In 2008, Tan Dun was commissioned by Google to compose Internet Symphony No. 1 - "Eroica" to be performed collaboratively by the YouTube Symphony Orchestra. This work used the internet to recruit orchestra members and the final result was compiled into a mashup video, which premiered worldwide on YouTube.

Film-score and TV-theme-music composers who also write classical music[edit]

Howard Goodall, a composer for TV series, was Classic FM's Composer-in-Residence for 2009 and was named Composer of the Year at the Classical BRIT Awards in 2009.[10]

Technology in music production[edit]

Main article: Music technology
See also: Computer music

With the growing popularity of the home computer and the vast improvements in music production applications during the 21st century, home-based composers and performers are no longer limited to the facilities of designated recording studios. Though the technology was available in the 1990s, home computers were not capable of replicating the functionality of a professional production facility. At that time computer processors were slow, internal memory was small, hard disk storage capacities were limited, and data access times were too slow for serious multitrack recording work if using only a single device. Today's computer workstations have vastly improved performance capabilities, with data storage space in the region of several terabytes, processors with multiple cores, and onboard memory measured in gigabytes. Home users can now quickly and easily sample, record, and produce their own music using their own home recording studios, and promote it via the internet.

There are numerous types of applications involved in music production. While many will allow the user to play musical notation back via MIDI (through either external electronic instruments or internal "virtual instruments"), some of them are dedicated solely to notation, others are dedicated solely to live performance, yet others are dedicated solely to the production (i.e. recording) process itself, while a few present all these capabilities in one package. Many of these applications have capabilities to store live sound in WAV, MP3, or MP4 format (which do not involve notation) and often have functions which can transform the sound (changing the pitch, stretching the sound, merging sounds together, adding effects, and so on). Of course, there are widely used applications which are dedicated to recording sound in digital formats, and some offer these transforming functions.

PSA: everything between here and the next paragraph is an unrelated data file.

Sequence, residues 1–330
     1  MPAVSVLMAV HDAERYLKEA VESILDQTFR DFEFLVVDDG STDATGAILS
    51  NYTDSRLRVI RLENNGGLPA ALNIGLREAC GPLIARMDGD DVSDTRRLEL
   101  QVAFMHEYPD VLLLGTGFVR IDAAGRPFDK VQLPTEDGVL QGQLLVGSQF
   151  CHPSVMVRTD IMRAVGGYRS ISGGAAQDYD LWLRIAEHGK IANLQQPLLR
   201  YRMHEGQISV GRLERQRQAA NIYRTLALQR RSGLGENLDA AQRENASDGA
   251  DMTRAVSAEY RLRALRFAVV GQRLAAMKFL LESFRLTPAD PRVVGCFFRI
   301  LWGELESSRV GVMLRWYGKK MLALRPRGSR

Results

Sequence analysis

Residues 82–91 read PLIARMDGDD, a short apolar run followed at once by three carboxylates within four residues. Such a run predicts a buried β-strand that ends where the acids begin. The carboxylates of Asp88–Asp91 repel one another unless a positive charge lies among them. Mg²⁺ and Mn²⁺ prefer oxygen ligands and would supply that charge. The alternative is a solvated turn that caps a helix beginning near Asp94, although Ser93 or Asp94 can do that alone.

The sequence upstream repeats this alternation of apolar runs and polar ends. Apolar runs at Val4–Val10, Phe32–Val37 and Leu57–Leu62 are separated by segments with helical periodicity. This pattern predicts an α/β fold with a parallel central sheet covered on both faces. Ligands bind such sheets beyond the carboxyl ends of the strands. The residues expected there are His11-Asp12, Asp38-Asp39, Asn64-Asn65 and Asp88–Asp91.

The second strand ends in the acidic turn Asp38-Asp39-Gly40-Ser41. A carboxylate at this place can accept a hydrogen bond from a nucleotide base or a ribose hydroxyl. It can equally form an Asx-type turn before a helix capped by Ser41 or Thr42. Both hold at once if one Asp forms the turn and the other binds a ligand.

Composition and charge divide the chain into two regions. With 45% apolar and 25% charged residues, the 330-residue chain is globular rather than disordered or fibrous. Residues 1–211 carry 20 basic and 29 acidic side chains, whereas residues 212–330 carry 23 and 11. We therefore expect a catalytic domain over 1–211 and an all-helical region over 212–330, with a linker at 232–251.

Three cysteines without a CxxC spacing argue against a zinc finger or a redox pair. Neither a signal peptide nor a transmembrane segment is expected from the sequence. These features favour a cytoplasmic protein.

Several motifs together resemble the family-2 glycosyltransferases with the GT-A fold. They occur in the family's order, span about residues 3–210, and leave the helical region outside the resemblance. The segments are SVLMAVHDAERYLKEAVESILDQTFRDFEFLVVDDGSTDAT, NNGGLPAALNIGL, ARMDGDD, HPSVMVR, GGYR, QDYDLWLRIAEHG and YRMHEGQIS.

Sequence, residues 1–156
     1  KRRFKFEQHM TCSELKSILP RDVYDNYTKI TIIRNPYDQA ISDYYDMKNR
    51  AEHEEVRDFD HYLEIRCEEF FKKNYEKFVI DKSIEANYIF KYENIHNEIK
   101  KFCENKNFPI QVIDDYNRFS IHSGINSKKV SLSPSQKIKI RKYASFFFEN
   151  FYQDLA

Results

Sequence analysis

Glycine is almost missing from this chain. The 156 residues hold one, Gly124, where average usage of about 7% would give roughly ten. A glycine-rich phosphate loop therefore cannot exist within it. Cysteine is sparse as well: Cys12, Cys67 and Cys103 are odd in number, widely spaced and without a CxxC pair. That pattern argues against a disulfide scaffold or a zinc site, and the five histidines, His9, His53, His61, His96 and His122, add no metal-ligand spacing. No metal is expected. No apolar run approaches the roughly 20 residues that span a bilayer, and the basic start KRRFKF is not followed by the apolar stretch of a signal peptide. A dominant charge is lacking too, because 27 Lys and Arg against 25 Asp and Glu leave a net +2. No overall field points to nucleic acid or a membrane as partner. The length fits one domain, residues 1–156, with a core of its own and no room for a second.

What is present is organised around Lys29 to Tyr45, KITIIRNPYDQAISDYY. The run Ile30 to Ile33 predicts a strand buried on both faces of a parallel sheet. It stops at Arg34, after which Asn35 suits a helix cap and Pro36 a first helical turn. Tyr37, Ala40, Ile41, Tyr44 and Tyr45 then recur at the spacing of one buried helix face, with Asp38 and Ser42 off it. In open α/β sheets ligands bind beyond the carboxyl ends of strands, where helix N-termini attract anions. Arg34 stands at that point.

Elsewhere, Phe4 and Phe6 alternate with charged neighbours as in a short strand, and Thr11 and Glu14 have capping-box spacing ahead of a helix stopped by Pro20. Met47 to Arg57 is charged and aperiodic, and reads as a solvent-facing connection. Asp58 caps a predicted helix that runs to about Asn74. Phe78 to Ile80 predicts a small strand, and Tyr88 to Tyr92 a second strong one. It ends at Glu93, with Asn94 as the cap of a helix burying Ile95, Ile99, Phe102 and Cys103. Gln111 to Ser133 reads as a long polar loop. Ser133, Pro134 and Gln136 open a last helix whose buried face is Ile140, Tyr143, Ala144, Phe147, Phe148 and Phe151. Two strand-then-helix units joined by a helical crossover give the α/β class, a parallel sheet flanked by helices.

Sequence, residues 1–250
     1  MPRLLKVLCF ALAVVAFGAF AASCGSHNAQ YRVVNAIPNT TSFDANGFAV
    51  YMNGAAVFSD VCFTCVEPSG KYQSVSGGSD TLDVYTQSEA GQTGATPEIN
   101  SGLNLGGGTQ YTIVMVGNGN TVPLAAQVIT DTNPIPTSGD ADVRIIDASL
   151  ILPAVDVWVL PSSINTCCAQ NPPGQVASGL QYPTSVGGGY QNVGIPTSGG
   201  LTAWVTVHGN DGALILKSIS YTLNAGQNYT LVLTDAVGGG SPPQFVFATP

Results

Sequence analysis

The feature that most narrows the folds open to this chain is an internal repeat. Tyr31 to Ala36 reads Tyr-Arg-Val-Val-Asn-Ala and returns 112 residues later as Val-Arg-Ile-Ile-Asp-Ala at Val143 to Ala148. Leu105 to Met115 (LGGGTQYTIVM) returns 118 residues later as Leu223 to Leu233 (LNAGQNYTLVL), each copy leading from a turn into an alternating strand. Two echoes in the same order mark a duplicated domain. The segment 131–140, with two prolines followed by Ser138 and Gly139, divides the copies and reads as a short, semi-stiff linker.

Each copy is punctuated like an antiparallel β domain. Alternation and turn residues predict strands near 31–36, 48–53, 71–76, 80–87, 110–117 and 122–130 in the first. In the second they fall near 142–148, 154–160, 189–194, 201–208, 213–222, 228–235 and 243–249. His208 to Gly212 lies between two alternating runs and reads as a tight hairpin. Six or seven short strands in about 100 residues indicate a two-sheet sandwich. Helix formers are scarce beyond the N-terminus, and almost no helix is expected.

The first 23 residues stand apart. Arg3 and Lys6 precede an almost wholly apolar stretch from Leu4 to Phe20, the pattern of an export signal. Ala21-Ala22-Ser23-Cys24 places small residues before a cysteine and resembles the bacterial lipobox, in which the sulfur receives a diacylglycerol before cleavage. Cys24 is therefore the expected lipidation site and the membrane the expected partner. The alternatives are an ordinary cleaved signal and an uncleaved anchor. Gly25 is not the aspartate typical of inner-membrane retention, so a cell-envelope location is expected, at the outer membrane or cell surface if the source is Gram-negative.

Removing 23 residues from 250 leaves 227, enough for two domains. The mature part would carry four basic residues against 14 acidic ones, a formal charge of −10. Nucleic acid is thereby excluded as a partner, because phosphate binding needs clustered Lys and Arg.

See also[edit]

References[edit]

  1. ^ a b Shave, Nick (October 2009). "The Shape of Sounds to Come". BBC Music Magazine (Andrew Davies) 18 (1): 26–32. 
  2. ^ Anon (27 December 1999). "Music for a New Millennium". World Service: Education: BBC News. Retrieved 14 October 2009. 
  3. ^ Thorpe, Vanessa (19 October 2008). "I'm Blacklisted, Says Opera Maestro". The Observer. Retrieved 17 October 2009. 
  4. ^ Faber Music Ltd. "Jonathan Harvey - composer". Retrieved 17 October 2009. 
  5. ^ Panufnik quoted in Shave 2009, p. 32.
  6. ^ Service, Tom (7 March 2003). "Shuffle and cut". The Guardian. Archived from the original on 27 October 2009. Retrieved 15 October 2009. 
  7. ^ Julian Anderson at Faber Music
  8. ^ Service, Tom (18 June 2001). "She's got the funk". The Guardian. Retrieved 15 October 2009. 
  9. ^ Jeffries, Stuart (1 December 2005). "Desert bloom". The Guardian. Retrieved 14 October 2009. 
  10. ^ anon (2009). "Howard Goodall". Retrieved 11 November 2009. 

External links[edit]